What is the MITRE ATT&CK Framework?
The MITRE ATTACK Framework is a curated knowledge base that tracks cyber adversary tactics and techniques used by threat actors across the entire attack lifecycle. The framework is meant to be more than a collection of data: it is intended to be used as a tool to strengthen an organization’s security posture.
For instance, because MITRE ATT&CK takes the perspective of the adversary, security operations teams can more easily deduce an adversary’s motivation for individual actions and understand how those actions relate to specific classes of defenses.
Where does the data in the MITRE ATTACK Framework come from?
MITRE’s ATT&CK is populated mainly by publicly available threat intelligence and incident reporting, as well as by research on new techniques contributed by cyber security analysts and threat hunters. It is used by those same professionals to better understand the different ways bad actors might operate so adversarial behavior can be detected and stopped.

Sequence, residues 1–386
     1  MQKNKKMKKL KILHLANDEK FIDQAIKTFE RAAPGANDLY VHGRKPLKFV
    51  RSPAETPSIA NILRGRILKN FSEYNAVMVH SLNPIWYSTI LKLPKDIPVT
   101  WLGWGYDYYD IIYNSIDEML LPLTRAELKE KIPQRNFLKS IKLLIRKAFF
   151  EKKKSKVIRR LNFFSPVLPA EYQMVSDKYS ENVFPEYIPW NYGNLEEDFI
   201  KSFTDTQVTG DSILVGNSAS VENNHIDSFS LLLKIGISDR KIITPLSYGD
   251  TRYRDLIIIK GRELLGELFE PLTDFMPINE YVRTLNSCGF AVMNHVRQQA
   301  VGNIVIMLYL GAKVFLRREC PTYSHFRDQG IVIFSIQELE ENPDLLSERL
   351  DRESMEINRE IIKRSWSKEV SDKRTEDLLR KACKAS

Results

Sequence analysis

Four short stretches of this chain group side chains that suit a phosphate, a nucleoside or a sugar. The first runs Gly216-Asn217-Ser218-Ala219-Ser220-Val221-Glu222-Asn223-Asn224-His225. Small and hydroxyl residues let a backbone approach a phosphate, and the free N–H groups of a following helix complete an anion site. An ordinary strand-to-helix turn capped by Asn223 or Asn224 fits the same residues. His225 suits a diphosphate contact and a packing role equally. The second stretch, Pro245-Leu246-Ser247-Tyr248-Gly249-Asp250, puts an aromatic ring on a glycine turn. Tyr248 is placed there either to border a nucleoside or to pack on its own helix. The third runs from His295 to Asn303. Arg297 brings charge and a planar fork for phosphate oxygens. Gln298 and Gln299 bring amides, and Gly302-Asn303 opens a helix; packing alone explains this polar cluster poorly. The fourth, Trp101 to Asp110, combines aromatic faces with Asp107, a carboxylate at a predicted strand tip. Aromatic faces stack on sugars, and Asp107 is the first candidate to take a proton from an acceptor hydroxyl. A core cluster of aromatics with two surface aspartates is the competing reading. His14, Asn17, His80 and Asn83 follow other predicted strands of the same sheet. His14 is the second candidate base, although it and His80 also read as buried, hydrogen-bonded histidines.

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History of MITRE ATTACK Framework
MITRE is a nonprofit organization created to provide engineering and technical guidance to the federal government. The organization originally developed the framework for use in a MITRE research project in 2013 and named for the data it collects, which is Adversarial Tactics, Techniques, and Common Knowledge-or, in acronym form, ATT&CK.
MITRE ATT&CK was released to the public for free in 2015, and today helps security teams in all sectors secure their organizations against known and emerging threats. And while MITRE ATT&CK originally focused on threats against Windows enterprise systems, today it also covers Linux, mobile, macOS, and ICS.
Here are three iterations of MITRE ATT&CK:
- ATT&CK for Enterprise: Focuses on identifying and imitating adversarial behavior in Windows, Mac, Linux, and cloud environments.
- ATT&CK for Mobile: Focuses on identifying and imitating adversarial behavior in Android and iOS operating systems.
- ATT&CK for ICS: Focuses on describing the actions adversaries might take when they operate in an industrial control system (ICS).